The central business office performs daily reviews of diagnostic testing, in-office surgical procedures, and exam claims posting, including modifiers. The claims are scrubbed just prior to submission.

“This error checking in advance of submission leads to a cleaner claim submission, resulting in reduce ‘days sales outstanding’ and accounts receivable work for other billing department team members. This gets your money into the practice sooner and with lesser cost of correction work after the initial submission,” Burke said.

“Efforts to reduce clinical claims adjudication are paying off. The time wasted on pulling records, obtaining a translation of the handwriting of the physician or anyone else who was in the chart is much reduced now with EHR,” he added.

The big clinical advantage over time is that each department learns the needs of the other, Burke noted.

“Our staff and the billing department understand the records more fully because they can see the entire record and they’re learning from it,” he said. “We’ve been able to comply with requests much quicker; we can turn around documentation requests from payers much faster now that we have EHR system.”


Offline and offsite record access

Describing the impact of the EHR on the practice’s business continuity, he noted that the offline record reproduction and appointment booking software system the group uses is particularly helpful during situations such as a recent power outage at one site during planned downtime due to the installation of a new generator. Patients could still be seen using paper records produced from PDFs of their prior exams.

Remote access to the electronic records is a popular feature for physicians and staff who are working offsite.

“Records and images can be made available while traveling, for presentations, for studies, for treatment experiences. In case of a snow emergency, we’ve got records and contact information all ready for everyone. It’s much easier than it was in the past,” Burke said. “We’ve got image review and consultation with referral sources, which has been very helpful and is good for networking in your community.”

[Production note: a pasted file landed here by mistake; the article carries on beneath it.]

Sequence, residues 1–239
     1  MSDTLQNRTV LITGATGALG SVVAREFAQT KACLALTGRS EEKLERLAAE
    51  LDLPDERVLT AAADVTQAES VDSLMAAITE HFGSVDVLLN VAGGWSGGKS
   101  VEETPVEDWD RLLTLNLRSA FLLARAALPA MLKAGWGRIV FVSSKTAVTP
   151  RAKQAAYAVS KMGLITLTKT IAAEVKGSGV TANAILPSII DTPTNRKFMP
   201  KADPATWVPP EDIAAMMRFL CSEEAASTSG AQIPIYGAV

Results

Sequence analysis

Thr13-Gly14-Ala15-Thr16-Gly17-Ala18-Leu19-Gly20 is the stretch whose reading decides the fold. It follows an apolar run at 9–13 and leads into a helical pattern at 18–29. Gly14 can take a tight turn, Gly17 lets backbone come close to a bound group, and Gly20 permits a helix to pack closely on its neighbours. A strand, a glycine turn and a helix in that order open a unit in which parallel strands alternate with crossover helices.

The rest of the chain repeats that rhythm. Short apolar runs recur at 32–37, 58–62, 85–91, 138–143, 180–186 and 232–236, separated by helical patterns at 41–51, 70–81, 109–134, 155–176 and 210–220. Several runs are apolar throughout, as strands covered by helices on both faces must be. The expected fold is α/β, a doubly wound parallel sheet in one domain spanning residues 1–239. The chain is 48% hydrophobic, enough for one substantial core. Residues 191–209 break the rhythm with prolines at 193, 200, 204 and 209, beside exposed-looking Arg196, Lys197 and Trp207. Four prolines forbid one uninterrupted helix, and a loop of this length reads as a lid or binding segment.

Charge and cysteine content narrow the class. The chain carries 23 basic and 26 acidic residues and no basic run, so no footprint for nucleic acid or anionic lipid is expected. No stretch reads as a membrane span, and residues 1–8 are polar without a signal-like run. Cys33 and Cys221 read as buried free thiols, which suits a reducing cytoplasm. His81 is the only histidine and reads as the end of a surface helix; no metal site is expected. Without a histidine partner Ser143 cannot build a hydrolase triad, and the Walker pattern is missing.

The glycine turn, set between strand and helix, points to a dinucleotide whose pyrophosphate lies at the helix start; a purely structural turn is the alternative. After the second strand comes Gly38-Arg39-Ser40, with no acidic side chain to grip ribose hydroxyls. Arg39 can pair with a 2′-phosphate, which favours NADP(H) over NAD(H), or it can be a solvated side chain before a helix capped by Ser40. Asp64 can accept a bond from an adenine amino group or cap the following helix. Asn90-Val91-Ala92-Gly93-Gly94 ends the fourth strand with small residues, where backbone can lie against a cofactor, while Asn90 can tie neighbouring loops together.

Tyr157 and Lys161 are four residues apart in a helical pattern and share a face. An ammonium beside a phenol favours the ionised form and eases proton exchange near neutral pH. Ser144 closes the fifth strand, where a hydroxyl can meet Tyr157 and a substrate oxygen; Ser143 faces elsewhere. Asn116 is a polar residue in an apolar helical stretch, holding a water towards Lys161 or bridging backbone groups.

Going digital

If your practice is considering an investment in EHR, Burke recommends going completely electronic.

“Avoid inefficient paper-electronic hybrid systems,” he said. “There are higher costs trying to maintain two, and you also tend to lose or mix records, and that can be very difficult for the practitioner and certainly for the staff members who are trying to provide the records to you in an efficient and timely manner.”

He emphasized that implementing EHR entails a transition period that can be difficult for everyone.

“It’s a teamwork process,” he said. “You have to train, retrain, audit, and retrain again. Your staff and administrators are going through a lot with this, as are the providers. It requires a ton of patience.”

While OCLI has invested heavily in EHR and found it advantageous, is it worth it for a small practice today to make the leap?

“We find that not only do we think is it worth it but other practitioners in our community have made that decision. They feel it’s worth it as well,” Burke said.

Some practitioners have decided against EHR, though, often because they intend to quit practicing medicine in a few years and feel that any penalties they incur before then will be manageable.



Tom Burke

P: 866/733-6254

E: tburke@ocli.net

This article was adapted from Burke’s presentation during a symposium at the 2104 meeting of the American Society of Cataract and Refractive Surgery. Burke did not report any relevant commercial relationships.


Related Videos
© 2024 MJH Life Sciences

All rights reserved.